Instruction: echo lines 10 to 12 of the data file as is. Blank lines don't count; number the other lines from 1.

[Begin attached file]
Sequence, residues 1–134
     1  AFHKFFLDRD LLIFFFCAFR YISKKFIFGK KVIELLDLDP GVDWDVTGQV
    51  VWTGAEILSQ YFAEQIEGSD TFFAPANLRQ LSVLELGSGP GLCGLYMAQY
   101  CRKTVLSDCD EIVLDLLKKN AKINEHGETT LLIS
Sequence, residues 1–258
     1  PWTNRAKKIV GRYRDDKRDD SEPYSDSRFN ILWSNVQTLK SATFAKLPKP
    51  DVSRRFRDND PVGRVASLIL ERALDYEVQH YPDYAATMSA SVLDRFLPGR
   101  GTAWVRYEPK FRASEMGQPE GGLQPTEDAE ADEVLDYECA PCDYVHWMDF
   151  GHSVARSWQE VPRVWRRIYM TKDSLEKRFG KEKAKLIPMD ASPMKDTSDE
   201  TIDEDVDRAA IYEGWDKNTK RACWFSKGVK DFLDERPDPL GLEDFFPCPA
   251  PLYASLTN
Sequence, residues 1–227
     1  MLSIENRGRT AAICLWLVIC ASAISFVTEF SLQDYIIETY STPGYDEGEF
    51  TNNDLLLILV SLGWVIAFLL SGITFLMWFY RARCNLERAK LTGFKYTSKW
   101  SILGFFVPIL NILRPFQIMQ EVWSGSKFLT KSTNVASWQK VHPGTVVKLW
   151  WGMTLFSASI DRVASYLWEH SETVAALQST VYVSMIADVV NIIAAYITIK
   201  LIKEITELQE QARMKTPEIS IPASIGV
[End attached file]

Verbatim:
   201  TIDEDVDRAA IYEGWDKNTK RACWFSKGVK DFLDERPDPL GLEDFFPCPA
   251  PLYASLTN
Sequence, residues 1–227